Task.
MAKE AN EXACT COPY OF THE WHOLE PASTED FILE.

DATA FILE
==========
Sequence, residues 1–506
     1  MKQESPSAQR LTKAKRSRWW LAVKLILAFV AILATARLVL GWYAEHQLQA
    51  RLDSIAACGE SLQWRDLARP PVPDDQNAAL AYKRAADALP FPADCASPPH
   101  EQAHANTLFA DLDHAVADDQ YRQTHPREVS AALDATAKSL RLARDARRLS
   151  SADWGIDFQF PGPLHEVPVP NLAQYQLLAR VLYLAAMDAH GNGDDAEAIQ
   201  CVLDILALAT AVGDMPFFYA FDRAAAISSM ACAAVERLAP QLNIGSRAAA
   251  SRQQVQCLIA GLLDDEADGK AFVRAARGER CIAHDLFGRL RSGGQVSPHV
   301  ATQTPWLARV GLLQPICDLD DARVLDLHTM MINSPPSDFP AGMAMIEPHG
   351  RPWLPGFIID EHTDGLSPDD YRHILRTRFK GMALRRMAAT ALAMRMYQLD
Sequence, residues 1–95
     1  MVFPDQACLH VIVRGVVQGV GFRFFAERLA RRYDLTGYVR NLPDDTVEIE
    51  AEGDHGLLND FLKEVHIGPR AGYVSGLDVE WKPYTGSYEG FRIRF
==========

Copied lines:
Sequence, residues 1–506
     1  MKQESPSAQR LTKAKRSRWW LAVKLILAFV AILATARLVL GWYAEHQLQA
    51  RLDSIAACGE SLQWRDLARP PVPDDQNAAL AYKRAADALP FPADCASPPH
   101  EQAHANTLFA DLDHAVADDQ YRQTHPREVS AALDATAKSL RLARDARRLS
   151  SADWGIDFQF PGPLHEVPVP NLAQYQLLAR VLYLAAMDAH GNGDDAEAIQ
   201  CVLDILALAT AVGDMPFFYA FDRAAAISSM ACAAVERLAP QLNIGSRAAA
   251  SRQQVQCLIA GLLDDEADGK AFVRAARGER CIAHDLFGRL RSGGQVSPHV
   301  ATQTPWLARV GLLQPICDLD DARVLDLHTM MINSPPSDFP AGMAMIEPHG
   351  RPWLPGFIID EHTDGLSPDD YRHILRTRFK GMALRRMAAT ALAMRMYQLD
Sequence, residues 1–95
     1  MVFPDQACLH VIVRGVVQGV GFRFFAERLA RRYDLTGYVR NLPDDTVEIE
    51  AEGDHGLLND FLKEVHIGPR AGYVSGLDVE WKPYTGSYEG FRIRF